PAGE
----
Photo© Todd Winters
Joe Bisogno knows a thing or two about franchising. After a dozen years at McDonald's, he founded Mr. Goodcents Franchise Systems in 1989.
Now Bisogno is sharing some hard-won lessons at the School of Franchising and Business Development, which he founded in August 2010. Based in suburban Kansas City and operating virtually, the school recently graduated its first class.
Like so many other entrepreneurial ventures, the school was created to fill an unmet need in the marketplace. Bisogno tells Entrepreneur's Startups how the school provides a fast track that's an efficient alternative to a traditional BA or MBA.
This isn't your first time teaching. When you were in your early 20s, McDonald's recruited you to become an instructor in the company's franchise program.
I was a training consultant for a while, and I also taught at their Hamburger University in Chicago. Our School of Franchising takes the average business from a general business to an organized business to a business that you can franchise.
Tell us about your first graduates.
Our first graduate started franchising in January. They sort of scratched their heads six or seven months ago and said, "It's gonna take us years and a lot of money to get this done." We were able to get them to the level they're at today--all of their operations and training manuals completed, all of their franchise disclosure documents and legal work ready to go--in seven short months.
Our second graduate is going to begin franchising in April. This is a 30-year-old company that is family owned and operated. When they did the assessment and personality profile online, they said, "Would you be able to give us an evaluation of our company and whether it's franchiseable or not?"
What should potential franchisors ask themselves to determine whether their idea is franchiseable?
"Can it become cookie cutter?" The folks we're currently dealing with are individuals who have had businesses for a long time, and some are just startup companies and they don't understand franchising at all. So understanding the basics of franchising is also critical.
Most small-business owners have no clue financially where they're at. The typical answer you get when you ask [if they] have financials is, "My accountant has them." OK, when was the last time you saw them? "He usually gives them to me by the end of the month." So 30 days goes by before you even look at what happened last month? "Yeah, and sometimes it's at the end of the quarter." So you've been running your business for three quarters, and you have no idea financially where it's at?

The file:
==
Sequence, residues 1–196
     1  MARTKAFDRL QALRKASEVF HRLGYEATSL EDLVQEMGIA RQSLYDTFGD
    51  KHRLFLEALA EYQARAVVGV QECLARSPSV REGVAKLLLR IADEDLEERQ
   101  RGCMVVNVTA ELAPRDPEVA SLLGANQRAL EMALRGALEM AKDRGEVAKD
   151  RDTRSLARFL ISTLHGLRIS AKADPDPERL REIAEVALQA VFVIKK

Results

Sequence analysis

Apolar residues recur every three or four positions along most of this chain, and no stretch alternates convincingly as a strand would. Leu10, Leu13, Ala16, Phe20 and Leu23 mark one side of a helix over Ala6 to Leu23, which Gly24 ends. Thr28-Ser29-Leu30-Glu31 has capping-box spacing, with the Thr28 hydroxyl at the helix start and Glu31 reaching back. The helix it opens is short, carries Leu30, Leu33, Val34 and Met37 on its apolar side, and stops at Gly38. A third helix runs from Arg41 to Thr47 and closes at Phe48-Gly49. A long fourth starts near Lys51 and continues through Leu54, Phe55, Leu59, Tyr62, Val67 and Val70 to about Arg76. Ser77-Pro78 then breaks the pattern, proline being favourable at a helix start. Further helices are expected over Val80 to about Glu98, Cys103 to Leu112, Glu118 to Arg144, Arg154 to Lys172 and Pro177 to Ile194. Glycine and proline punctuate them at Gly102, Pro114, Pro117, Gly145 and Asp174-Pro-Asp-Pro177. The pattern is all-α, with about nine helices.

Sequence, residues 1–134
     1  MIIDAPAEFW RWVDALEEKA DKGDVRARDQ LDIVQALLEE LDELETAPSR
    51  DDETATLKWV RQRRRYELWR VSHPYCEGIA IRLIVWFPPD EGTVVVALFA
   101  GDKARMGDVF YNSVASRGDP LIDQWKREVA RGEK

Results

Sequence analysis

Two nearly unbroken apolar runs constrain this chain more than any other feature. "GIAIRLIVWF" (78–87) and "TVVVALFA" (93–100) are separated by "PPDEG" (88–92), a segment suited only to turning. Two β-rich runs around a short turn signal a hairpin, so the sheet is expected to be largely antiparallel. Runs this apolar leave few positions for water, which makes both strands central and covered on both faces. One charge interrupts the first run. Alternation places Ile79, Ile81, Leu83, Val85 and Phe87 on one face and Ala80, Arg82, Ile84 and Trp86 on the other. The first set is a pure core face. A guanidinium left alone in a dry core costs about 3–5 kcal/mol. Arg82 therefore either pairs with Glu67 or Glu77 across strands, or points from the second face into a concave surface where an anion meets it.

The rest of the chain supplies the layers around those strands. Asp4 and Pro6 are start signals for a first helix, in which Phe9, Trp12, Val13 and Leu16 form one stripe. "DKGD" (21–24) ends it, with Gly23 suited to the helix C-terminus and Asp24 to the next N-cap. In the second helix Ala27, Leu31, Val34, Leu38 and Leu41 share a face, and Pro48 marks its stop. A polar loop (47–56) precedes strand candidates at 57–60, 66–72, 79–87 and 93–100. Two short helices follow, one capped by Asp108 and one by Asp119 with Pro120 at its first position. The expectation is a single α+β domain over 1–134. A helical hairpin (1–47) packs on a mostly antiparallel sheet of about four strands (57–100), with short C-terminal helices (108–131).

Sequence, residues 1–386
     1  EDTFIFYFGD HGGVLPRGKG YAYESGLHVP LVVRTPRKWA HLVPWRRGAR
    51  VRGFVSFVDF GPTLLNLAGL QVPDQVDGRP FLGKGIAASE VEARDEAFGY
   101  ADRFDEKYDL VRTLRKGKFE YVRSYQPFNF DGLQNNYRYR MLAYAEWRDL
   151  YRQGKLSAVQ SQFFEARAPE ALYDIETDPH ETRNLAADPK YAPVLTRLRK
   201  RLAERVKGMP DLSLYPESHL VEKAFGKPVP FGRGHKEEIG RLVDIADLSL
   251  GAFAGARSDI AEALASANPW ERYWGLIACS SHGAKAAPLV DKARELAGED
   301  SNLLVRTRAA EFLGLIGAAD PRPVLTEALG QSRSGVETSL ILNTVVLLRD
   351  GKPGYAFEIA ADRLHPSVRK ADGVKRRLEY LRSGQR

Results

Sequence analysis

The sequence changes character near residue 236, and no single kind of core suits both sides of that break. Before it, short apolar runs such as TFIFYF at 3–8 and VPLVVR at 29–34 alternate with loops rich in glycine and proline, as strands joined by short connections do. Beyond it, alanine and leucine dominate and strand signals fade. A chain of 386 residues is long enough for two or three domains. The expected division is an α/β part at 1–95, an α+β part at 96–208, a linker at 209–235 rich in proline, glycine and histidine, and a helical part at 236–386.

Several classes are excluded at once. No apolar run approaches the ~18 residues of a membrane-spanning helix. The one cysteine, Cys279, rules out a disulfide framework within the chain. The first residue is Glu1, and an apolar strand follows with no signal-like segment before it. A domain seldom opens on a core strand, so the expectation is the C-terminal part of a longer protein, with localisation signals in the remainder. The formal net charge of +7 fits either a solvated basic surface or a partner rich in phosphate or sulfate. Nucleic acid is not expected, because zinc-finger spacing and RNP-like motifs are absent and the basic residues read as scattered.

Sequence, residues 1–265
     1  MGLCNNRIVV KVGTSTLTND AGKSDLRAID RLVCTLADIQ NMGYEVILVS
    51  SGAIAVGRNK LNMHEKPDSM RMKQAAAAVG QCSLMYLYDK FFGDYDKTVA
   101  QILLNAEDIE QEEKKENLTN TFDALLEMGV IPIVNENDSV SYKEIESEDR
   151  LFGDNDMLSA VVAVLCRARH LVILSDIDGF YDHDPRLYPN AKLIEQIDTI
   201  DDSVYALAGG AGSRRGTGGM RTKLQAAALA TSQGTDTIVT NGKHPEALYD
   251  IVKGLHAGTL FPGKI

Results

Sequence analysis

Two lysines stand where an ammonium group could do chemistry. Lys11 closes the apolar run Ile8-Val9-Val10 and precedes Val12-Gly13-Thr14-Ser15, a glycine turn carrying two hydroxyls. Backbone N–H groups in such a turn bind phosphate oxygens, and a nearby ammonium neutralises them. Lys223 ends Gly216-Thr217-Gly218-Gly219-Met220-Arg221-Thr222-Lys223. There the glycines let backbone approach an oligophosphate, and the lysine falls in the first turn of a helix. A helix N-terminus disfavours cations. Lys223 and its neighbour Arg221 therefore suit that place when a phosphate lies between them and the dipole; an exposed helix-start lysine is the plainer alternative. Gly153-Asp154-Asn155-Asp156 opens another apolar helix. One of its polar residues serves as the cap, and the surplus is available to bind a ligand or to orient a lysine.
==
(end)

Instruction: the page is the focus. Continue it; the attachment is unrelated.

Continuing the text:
Talk about flying by the seat of your pants.
The reality of most entrepreneurs and small-business owners is they don't have the formal education to understand how important that is to drive their company to the next level. When we work with them and they organize that portion of their busines, they're like, "Oh, my god!"
We're working with a couple of companies that are $17 million to $20 million companies, and from a financial aspect, the owner can't tell you what the depreciation and amortization is. They have no clue.
Speaking of money, a lot of prospective business owners are complaining that banks are more reluctant than ever to make a loan. Any tips?
I'm setting up an interview process with bankers. I've already worked with five here in the Midwest. I told them that if you have a small-business loan that comes to your bank, if you have that individual go to the School of Franchising and take just the assessment test and personality profile, you will know as soon as they show you those grades whether this would be a good loan.
The lending institutions have their guidelines, but they really don't know who they're loaning to. The person they're loaning to may have had someone professionally write their business plan that looks good, but the individual has no clue what's in it.
It's a $500 assessment. When they're done, they know where their business is, what they need to do to organize it, and a banker could require them to get all of those areas completed before they make a loan.
With the high unemployment rate, are many of your students people who were laid off and swore they'd never have another boss?
Everybody seems to want to be in business for themselves. The biggest issue is expense. We're giving them an entire college education in franchising for a very minimal cost in comparison to a university where they learn business administration. Here, they're learning franchising. We're the first franchise school in the world that I'm aware of.